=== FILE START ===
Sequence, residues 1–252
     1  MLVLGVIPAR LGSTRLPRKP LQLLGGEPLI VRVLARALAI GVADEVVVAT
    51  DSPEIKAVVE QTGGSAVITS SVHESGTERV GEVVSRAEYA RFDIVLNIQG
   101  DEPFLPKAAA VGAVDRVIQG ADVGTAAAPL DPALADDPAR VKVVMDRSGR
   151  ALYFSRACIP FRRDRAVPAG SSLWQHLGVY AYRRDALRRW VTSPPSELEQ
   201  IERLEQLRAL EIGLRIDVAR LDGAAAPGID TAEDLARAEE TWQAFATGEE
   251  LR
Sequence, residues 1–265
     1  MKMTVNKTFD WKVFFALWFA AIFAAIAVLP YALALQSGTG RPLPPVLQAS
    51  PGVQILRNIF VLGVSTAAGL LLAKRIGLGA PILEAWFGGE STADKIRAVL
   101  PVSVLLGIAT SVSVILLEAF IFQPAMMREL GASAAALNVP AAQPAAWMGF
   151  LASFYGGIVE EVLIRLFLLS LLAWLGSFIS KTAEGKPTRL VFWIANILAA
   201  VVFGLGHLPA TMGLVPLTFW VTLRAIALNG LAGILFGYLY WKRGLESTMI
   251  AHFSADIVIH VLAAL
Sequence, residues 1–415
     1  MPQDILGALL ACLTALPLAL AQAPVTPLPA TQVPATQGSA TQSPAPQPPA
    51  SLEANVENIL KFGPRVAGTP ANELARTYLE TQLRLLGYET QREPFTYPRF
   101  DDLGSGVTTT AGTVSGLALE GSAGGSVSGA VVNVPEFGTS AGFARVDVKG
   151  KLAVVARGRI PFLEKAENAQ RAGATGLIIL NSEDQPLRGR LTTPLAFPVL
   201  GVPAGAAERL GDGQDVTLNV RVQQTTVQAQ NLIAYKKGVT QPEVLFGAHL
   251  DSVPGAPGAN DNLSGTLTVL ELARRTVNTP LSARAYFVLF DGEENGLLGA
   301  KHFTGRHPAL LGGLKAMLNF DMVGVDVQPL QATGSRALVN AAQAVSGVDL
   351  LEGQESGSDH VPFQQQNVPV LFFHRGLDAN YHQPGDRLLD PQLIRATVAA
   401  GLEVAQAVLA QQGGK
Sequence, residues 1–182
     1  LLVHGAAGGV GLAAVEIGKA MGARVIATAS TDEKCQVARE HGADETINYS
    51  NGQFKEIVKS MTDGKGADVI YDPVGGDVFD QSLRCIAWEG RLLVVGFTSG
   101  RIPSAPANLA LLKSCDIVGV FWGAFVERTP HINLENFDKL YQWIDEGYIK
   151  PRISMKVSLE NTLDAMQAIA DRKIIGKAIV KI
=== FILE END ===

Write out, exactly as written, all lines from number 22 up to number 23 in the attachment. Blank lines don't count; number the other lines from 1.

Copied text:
   301  KHFTGRHPAL LGGLKAMLNF DMVGVDVQPL QATGSRALVN AAQAVSGVDL
   351  LEGQESGSDH VPFQQQNVPV LFFHRGLDAN YHQPGDRLLD PQLIRATVAA